Playing to the Press

A PR campaign can be an excellent way to market your new product. But be warned: Reporters want actual news, not self-serving puff

By Karen E. Klein

Q: My company is releasing a digital collection of ancestral history. How do I reach the proper media about it, and what's the best way to grab their attention so our press release gets noticed and published?

---- K.H., Kamuela, Hawaii

A: If your product is another iteration of an already-existing technology and not really newsworthy, save your efforts for industry trade journals. If it is a breakthrough and deserves wider attention, publicity can be an excellent marketing vehicle. You'll want to make sure you properly plan a PR campaign and carry it out over the correct time frame, experts say.

First, identify your target audience by clearly understanding your product-distribution channels. Are you going directly to consumers or will the product be sold through retail outlets? If you're marketing to consumers, will you sell through a direct-response program or utilize your Web site?

If you sell through retail outlets, will you go straight to store buyers or sell first to wholesalers? In all cases, you want to tell the story of your product to the end user -- the consumer -- but you may also need to reach retail or wholesale buyers.


  Once you've established who needs to hear about the product, you can determine how to reach them. "Your product most likely lends itself to a broad array of media: newspapers, magazines, TV, radio, Web sites, and e-zines. Media outlets that offer national circulation, i.e., news syndicates, news wires, and national magazines, are the quickest ways to spread the news -- but often the most difficult to entice," says Hilary Kaye, a public relations specialist with Hilary Kaye Associates in Tustin, Calif.

"The more you target your list, the better your results will be. Since it sounds like your product crosses over diverse 'beats' -- areas that reporters are assigned to cover -- you might choose reporters who cover software or family life, as a start."

If your product is available only regionally, don't solicit national coverage: Potential buyers across the country will become frustrated if they can't purchase the product and any later bid to get publicity in other regions will be shot. If it's available nationally, don't be so narrow as to focus just on your local region -- go forward with a national publicity campaign.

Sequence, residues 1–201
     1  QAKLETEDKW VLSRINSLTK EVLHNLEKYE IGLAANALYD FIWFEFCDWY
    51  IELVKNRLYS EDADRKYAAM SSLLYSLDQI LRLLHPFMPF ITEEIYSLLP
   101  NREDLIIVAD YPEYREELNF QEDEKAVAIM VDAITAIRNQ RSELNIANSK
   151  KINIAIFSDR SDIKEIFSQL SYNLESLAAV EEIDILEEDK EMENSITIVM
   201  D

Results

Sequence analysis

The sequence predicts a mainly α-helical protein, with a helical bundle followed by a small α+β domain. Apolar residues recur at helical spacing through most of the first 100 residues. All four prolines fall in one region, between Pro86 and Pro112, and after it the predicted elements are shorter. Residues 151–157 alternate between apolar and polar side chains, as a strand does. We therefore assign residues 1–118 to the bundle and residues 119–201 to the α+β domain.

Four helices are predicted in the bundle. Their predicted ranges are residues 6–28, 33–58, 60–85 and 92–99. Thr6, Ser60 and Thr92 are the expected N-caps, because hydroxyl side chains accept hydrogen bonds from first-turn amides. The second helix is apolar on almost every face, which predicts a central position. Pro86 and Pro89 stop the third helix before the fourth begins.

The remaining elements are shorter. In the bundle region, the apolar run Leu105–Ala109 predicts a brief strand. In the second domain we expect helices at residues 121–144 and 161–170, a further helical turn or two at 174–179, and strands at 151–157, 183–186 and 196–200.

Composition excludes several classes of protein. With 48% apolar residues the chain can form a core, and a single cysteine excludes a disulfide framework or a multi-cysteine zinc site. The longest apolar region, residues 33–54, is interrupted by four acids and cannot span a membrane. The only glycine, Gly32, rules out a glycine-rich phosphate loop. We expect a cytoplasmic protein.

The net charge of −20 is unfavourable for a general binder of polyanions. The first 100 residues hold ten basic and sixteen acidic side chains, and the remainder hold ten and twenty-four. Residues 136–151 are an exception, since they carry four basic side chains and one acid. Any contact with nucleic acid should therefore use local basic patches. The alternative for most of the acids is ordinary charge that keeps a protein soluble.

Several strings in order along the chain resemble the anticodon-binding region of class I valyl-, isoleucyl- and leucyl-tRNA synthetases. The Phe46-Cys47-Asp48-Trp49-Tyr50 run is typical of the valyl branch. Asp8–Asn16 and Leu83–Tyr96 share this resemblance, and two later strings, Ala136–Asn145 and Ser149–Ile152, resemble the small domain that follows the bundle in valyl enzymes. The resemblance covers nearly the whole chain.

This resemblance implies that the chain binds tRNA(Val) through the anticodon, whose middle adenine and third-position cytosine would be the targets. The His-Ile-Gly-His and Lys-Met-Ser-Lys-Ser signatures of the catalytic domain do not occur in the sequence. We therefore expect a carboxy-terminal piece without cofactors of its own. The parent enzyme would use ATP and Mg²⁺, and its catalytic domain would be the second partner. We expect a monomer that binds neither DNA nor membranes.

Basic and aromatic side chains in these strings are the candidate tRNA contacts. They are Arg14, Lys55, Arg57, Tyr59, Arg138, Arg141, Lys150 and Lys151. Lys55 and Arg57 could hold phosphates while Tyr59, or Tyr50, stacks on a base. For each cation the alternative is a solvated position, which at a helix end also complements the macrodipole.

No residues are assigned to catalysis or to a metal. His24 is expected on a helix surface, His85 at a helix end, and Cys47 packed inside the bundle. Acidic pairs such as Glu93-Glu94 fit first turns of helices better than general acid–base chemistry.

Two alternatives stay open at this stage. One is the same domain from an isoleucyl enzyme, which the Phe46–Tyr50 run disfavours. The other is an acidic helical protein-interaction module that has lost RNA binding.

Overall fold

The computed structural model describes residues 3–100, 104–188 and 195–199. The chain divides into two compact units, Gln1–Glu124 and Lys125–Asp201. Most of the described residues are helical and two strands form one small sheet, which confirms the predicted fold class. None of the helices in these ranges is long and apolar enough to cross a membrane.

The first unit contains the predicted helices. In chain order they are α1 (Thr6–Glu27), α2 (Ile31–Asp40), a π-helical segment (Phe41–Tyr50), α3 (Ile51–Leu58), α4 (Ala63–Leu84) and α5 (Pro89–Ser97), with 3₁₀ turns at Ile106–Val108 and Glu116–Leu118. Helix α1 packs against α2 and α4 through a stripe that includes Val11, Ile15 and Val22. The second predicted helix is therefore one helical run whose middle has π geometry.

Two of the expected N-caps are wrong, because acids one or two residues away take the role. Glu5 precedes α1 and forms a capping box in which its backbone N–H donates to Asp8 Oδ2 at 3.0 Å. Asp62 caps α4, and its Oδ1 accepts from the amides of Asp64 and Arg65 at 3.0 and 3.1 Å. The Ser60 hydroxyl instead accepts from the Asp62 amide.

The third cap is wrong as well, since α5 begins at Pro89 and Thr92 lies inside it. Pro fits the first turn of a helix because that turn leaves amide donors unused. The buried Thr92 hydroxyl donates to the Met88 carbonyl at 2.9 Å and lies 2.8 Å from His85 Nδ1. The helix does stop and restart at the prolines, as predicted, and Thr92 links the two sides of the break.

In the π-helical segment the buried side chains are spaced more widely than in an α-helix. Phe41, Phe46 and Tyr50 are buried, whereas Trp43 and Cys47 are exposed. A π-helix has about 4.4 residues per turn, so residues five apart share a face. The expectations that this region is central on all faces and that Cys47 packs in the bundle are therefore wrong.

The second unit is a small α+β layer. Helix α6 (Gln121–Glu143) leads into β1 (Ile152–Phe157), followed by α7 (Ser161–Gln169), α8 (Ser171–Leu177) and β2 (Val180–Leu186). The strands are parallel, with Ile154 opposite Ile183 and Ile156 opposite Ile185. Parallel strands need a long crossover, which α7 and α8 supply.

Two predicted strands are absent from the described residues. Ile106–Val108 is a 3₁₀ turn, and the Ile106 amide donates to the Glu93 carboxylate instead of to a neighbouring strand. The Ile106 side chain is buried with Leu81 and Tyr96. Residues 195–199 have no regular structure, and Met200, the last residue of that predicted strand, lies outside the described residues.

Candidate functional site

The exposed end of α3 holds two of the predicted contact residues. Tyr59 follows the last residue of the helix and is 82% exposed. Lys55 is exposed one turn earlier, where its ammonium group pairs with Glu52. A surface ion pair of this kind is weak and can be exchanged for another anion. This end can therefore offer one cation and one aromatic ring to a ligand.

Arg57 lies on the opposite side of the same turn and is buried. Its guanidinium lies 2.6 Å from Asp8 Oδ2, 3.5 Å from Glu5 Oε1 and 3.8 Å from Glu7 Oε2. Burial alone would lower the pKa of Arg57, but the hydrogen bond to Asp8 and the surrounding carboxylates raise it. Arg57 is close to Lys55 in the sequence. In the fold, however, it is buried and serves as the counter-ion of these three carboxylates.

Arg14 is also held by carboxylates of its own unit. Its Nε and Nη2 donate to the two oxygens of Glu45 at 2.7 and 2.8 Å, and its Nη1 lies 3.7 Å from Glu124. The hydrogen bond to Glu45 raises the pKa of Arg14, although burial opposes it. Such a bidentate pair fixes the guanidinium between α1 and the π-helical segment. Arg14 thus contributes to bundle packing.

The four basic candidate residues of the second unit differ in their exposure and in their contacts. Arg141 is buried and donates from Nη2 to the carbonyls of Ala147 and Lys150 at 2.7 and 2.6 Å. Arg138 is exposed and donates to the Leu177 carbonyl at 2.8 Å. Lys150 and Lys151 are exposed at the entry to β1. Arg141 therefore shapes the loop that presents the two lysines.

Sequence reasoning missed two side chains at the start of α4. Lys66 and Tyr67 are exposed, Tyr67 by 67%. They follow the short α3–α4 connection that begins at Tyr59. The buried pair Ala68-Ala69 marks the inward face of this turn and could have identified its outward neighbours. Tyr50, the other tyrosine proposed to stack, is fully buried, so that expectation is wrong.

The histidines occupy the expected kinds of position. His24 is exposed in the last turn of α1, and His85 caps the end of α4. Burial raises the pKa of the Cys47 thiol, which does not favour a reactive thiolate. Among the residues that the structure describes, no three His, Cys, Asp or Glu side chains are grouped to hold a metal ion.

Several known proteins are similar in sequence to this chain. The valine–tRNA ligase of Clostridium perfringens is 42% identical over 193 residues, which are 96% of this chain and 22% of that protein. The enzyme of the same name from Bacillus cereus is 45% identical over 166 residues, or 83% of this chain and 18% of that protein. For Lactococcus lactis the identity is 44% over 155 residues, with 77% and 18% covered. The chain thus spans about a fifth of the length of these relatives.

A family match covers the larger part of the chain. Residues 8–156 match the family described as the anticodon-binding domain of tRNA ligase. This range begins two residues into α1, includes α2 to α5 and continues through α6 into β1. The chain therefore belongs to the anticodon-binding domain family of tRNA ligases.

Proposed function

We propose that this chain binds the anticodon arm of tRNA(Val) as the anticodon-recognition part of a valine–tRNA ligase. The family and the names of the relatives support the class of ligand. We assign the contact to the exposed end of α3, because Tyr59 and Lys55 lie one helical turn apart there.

A word on timing: If it's not available yet, don't start publicizing the product prematurely. But if you want to solicit product reviews in various publications, Kaye recommends starting a "product evaluation" program as early as six months before the release date. "Identify key publications for your audiences and offer those reporters an evaluation copy of the product," she says. "Their reviews will be invaluable, assuming they like your product."

Finally, when it's time to write and send out your press release, don't just mail out sales literature. Write the release objectively, refraining from hype and attempting to copy the writing style used in the publications you're targeting. Also, hold the industry jargon -- it's a pet peeve of most reporters and a frequent trigger that gets a press release discarded before it's been completely read. "Be compelling, rather than boring, but let the product speak for itself," says Kaye. "Be sure to differentiate your product from everything else available."

Another suggestion you might consider would be creating a tie-in with a nonprofit organization that targets your audience. If you can work out something credible with an established and popular group, that may get you automatic publicity.

For more information and media directories, check out: and Assignment Editor. Kaye's site, includes an overview of how small companies can do their own PR.

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